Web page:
She cares about food both wet and dry and 

Accompanies me to the garden when she can 

Stretcher-and-Curler and Layer-on-Armer-in-the Nighter

She sleeps around, Greeter-of-all-who-enter

She is a five star winner for the guests who love Cats

Long may she reign in her distaste for Rain

She is Lizard-Catcher in the Summer

And City-Dweller in the Winter

She has a cinder of life in each eye

But runs with her head a tiny bit asunder 

Because of a cloud on her left

She was found under a car by a neighbor

Now lives here in Splendor 

Love-Cat a little Fiercy-Cat 

But usually with claws sheathed 

She is Softpawing me now

Danse Macabre 

Everywhere the dead can dance

Among the people 

On them prance and hold hands

Bony invisible band-aids of chance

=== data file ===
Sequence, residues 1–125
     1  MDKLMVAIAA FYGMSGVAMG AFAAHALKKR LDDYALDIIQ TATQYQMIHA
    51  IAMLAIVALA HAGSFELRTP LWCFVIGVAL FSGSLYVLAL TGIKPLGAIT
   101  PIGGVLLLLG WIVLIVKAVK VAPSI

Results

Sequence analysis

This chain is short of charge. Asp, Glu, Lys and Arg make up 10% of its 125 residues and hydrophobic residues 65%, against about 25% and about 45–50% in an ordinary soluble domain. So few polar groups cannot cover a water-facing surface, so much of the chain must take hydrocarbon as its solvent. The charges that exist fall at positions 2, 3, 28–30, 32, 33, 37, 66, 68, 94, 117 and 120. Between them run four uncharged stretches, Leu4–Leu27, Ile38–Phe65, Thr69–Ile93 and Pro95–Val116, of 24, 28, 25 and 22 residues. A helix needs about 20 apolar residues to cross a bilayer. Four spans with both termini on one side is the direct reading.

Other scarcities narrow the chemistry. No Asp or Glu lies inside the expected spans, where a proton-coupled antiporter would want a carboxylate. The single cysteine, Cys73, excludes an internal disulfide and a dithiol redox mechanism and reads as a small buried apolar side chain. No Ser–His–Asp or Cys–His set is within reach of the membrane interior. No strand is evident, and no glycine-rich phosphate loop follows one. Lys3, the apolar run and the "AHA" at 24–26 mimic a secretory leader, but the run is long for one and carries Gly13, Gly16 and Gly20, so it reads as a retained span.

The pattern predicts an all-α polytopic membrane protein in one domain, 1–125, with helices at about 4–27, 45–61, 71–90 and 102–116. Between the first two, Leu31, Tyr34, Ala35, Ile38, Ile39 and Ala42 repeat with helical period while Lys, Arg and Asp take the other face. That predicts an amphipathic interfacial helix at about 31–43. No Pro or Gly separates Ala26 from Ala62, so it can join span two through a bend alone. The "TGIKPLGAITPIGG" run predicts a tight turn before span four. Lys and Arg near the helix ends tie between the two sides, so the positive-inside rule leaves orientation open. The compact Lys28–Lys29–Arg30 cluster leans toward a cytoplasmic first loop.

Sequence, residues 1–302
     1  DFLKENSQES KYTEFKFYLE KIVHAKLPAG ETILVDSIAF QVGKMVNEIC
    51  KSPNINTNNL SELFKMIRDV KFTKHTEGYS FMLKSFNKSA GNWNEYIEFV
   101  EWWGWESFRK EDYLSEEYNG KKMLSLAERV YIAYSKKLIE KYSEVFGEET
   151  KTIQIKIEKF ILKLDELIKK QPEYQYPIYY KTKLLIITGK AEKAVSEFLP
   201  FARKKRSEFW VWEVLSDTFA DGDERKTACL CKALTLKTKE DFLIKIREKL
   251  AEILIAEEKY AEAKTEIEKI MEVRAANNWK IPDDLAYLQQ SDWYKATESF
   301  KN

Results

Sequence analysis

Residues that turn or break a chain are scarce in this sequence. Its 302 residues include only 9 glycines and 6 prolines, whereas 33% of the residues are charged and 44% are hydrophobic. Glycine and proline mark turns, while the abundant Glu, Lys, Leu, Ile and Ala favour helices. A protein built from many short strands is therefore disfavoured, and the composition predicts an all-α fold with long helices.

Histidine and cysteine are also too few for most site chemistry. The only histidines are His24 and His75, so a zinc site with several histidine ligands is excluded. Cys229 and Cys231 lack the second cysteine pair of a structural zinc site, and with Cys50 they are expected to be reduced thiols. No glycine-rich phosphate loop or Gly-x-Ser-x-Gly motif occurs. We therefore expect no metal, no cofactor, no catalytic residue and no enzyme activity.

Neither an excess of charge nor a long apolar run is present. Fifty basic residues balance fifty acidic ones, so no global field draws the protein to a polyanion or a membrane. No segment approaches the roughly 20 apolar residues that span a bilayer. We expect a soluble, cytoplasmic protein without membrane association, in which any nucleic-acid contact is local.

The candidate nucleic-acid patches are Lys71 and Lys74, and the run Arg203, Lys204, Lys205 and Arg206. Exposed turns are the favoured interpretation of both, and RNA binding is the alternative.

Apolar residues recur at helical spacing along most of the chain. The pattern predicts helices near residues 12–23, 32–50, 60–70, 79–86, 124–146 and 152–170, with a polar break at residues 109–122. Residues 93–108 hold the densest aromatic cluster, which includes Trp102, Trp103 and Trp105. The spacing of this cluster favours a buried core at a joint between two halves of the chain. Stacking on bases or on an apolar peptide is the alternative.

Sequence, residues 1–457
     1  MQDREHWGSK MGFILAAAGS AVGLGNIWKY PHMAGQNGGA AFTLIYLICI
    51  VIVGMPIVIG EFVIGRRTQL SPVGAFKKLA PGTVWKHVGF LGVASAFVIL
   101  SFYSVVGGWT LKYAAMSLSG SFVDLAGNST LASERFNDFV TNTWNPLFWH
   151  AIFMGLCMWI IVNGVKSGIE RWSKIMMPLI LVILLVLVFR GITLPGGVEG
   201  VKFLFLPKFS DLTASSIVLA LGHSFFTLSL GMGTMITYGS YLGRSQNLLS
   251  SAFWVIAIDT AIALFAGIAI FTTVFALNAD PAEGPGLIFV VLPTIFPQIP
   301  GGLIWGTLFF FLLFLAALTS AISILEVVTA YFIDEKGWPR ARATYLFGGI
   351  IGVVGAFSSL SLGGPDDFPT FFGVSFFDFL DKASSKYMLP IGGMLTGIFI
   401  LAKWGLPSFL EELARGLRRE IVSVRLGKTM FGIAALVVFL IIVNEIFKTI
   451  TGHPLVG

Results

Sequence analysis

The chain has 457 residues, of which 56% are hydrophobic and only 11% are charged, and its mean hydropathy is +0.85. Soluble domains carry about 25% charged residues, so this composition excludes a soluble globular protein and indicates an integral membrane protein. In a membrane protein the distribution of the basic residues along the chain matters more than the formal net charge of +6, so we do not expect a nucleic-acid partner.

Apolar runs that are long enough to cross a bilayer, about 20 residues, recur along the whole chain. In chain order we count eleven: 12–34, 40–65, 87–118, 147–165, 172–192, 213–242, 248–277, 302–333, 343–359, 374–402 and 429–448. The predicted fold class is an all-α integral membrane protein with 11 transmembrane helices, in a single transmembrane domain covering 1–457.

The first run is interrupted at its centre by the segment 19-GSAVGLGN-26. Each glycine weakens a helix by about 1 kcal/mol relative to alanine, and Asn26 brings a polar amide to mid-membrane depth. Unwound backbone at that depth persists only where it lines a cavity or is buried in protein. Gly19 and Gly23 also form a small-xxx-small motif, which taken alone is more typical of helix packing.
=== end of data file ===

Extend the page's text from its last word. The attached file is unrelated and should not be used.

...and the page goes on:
In squeaky simpering sloth-headed fun

You are our only one 

To curve this day into sleep 

Practice for death pitiful bloom 

Stay erect a little longer 

Only one robin in the tree when once were 30

Imploding many shitting on cars below

Who killed Cock Robin will be gelatinous soon

The moon wanes its naked eyelid deliberately

Dirty though so far away silver and gilded 

In a storm of meat

At any age changing

No fixed stars eclipsing death be dying 

No harp can heal the onslaught of grasping mimes 

That plow the treadmill of mouths 

Simpering through hinged jaws of candy street

Howling for more books to read but no concentration 

Only a word or two on the flywheel of time 

Crushing and cruising through spools of goo

Streets become sliding boards in an awesome playground

Of gourds rotting and drying and inside out maws

Of rancid stories falling to a close before dawn 

Into a Flip-out of happy sorrow of a serial Argento trip